Joni Mitchell

Folk and jazz conjoined in her sinuous spirit


People
September 1, 1998

SHE CITES EDITH PIAF AND BOB DYLAN AS INSPIRATION - AND you hear them both in her own elliptical, allusive compositions. Joni Mitchell has proven adept at weaving tapestries of jazz and rock as at stitching complex stories on the clean cloth of her acoustic guitar. And her songs have stood up to renderings by others: covered by Judy Collins and Frank Sinatra, sampled by Janet Jackson.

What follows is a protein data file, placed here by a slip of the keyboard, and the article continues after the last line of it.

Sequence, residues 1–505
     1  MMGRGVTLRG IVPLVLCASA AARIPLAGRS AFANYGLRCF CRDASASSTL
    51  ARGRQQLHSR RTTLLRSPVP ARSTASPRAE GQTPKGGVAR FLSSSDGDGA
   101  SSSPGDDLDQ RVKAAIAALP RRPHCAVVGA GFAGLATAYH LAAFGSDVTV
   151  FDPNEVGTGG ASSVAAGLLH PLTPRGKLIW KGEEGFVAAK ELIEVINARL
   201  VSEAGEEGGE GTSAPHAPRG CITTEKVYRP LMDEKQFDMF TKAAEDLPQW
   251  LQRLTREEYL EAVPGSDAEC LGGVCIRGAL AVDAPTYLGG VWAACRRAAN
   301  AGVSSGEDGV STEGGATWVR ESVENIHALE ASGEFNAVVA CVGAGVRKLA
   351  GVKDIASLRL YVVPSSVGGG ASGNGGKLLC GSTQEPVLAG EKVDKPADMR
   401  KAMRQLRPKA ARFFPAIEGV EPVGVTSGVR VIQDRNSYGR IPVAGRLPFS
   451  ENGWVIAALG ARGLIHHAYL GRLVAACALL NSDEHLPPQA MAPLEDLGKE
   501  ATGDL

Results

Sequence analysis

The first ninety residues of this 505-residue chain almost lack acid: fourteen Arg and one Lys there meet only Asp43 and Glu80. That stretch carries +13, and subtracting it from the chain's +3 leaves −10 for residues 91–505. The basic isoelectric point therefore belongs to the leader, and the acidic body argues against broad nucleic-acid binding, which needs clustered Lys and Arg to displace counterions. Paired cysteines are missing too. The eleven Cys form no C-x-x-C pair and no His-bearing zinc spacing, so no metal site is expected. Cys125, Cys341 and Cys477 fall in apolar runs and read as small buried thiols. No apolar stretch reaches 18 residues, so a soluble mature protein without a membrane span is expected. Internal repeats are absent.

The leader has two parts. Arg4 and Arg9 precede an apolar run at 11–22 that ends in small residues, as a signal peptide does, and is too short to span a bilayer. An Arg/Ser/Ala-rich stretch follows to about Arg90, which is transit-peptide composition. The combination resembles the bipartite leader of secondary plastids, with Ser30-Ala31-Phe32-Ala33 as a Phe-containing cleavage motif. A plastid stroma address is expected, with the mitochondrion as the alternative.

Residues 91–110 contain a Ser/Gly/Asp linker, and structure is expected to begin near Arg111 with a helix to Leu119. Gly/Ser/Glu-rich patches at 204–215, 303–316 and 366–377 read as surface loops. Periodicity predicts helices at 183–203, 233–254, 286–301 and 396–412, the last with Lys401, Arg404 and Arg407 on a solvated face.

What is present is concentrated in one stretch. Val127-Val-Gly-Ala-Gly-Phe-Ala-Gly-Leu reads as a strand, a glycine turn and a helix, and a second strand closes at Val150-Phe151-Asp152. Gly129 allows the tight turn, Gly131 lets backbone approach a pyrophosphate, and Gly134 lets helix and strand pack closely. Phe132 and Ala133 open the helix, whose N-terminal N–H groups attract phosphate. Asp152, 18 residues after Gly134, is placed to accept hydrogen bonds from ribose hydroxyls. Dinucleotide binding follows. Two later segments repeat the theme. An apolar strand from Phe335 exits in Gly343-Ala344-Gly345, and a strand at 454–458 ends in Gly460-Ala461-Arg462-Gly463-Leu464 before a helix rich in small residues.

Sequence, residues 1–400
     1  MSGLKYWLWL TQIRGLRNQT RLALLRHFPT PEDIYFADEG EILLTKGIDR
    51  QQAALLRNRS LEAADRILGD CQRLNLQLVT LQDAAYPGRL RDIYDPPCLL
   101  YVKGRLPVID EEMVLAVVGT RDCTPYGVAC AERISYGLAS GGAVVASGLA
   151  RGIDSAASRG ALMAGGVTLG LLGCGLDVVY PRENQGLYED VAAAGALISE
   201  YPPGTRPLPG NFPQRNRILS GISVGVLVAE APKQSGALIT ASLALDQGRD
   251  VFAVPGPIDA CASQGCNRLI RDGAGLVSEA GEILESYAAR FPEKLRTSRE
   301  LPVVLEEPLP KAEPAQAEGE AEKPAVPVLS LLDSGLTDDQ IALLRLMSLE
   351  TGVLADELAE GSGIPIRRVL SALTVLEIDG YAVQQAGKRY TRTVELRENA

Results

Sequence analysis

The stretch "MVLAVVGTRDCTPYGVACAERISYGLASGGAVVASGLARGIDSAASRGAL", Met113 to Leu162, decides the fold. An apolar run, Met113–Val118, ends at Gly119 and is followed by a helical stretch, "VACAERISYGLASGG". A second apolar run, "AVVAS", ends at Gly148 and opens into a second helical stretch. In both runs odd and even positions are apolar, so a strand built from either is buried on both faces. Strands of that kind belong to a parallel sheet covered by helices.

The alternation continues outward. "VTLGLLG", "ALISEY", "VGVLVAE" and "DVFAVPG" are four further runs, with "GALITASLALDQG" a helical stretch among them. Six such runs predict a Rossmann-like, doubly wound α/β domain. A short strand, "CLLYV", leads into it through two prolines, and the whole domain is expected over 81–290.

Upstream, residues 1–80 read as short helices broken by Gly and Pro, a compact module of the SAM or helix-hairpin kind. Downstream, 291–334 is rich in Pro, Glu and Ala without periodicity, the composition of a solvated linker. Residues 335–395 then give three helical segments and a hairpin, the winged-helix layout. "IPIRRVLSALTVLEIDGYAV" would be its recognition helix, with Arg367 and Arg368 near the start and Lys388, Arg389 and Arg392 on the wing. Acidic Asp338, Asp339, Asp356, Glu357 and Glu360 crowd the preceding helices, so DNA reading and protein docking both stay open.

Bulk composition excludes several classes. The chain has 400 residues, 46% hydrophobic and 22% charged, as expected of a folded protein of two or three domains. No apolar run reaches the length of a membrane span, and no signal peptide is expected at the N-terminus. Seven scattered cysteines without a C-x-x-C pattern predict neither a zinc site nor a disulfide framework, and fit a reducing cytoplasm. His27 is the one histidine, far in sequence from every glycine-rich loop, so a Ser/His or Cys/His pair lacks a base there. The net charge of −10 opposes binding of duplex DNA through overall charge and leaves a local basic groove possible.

Born in Alberta, Canada, Roberta Joan Anderson suffered from polio at 9 and later taught herself guitar. A year out of high school she married Chuck Mitchell, a musician she had known for three days, and divorced him after a year. Unknown and broke when she got pregnant, she gave up a daughter for adoption. (She later married and divorced producer Larry Klein, and was reunited with her daughter in 1995.) She then hit the New York folk scene. Discovered by David Crosby, she launched a career that hit early highs with Blue and Court and Spark. In the 1980s she explored all the music curiosity led her to, including African rhythms, even if fans or critics didn't follow. Still Mitchell, now 54, does not seem to miss the early days when she was idolized. Says she: "I slept through that queendom."


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